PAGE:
Sales and Marketing Plans – Developing Proposals and Making the Buying Decision Easier

Back to Page 1: Sales and Marketing Plans – What Works?

Back to Page 2b: Understanding the Buyer’s Needs, Features and Benefits and Body Language as Part of the Sales and Marketing Plans

Page 3

Developing Proposals and Making the Buying Decision Easier with Your Sales and Marketing Plans

sales and marketing plans

Now that you have:

  • Explained to your prospect why they would want to buy it (your product or service), from us, and now (why they should act right away),
  • Clarified the buyer’s true needs and wants, and
  • Identified specific features and benefits that address the buyer’s needs and wants,

…you’ll need to address the prospect’s objections if they have any.


Effective sales and marketing plans will outline strategies for overcoming typical stalls and objections.

Let’s start with objections… For whoever is doing the selling, are they prepared to answer questions and objections the prospect may present?

Objections are not bad things.

An objection is a request for clarification by the buyer. It is part of the thinking and decision process in the buyer’s mind. Therefore, an effective salesperson knows how to get the buyer to voice these objections so they can be answered.

Stalls are different.

Your sales and marketing plans should address strategies for handling stalls as these are among the worst enemies to success.

Whenever a buyer says he or she wants to think about it, often they are merely delaying and procrastinating the decision.

It’s human nature for most people to procrastinate.

But, “Let me think about it,” is often an unwitting lie. After you are gone they may get so caught up with events of the day that they will not think about it again.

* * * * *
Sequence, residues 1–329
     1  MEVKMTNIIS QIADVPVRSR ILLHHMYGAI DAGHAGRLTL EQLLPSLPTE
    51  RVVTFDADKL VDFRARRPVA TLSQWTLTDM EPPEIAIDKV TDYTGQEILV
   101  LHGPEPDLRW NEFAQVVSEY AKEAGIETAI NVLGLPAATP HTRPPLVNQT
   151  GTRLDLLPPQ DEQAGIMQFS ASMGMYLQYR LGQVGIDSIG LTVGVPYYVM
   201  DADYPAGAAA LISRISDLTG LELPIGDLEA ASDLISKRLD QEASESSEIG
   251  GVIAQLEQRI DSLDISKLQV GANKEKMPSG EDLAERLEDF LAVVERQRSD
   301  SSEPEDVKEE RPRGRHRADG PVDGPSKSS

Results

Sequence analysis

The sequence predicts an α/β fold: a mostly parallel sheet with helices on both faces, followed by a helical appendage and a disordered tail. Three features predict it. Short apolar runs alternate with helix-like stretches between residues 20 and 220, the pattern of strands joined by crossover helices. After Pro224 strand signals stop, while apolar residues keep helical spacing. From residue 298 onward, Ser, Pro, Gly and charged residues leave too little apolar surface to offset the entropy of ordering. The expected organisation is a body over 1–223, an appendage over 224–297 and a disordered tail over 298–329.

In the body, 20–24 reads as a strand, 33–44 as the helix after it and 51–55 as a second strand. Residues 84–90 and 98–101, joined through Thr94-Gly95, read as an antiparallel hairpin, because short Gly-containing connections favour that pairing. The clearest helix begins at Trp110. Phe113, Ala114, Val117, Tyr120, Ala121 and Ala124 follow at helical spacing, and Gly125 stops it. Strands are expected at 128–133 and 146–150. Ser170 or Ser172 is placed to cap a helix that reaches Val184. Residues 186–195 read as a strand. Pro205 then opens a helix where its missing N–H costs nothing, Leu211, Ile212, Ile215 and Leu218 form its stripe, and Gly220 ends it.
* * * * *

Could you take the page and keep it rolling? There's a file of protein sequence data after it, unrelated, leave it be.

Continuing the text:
Or worse, a competing salesperson will come in and close your customer on the decision that you got them to consider.  So in effect, you made the sale but the next salesperson got the money.

The effective salesperson, therefore, learns how to recognize a stall, and how to overcome it. And your sales and marketing plans must address training to be sure you and your reps are overcoming this enemy to selling. 


Of course, yours is not the only game in town. Whoever does the selling needs to be aware of the competition and alternatives your buyer may have, and how your product or service stacks up against them.

Effective sales and marketing plans will provide a comprehensive analysis of major competitors and alternatives.

COMPETITORS – What products and services are you competing with? What makes them better or worse than yours? Why should a buyer consider yours?

ALTERNATIVES – What alternatives exist for the buyer? McDonald’s initially competed, not just with other restaurants, but also with home cooking and bag lunches. Do you know the alternatives available to your buyer, and their perception of how yours is better or worse? [Doing nothing is also an alternative].

See Page 3b: Sales and Marketing Plans – Proposal Development and Simplifying the Decision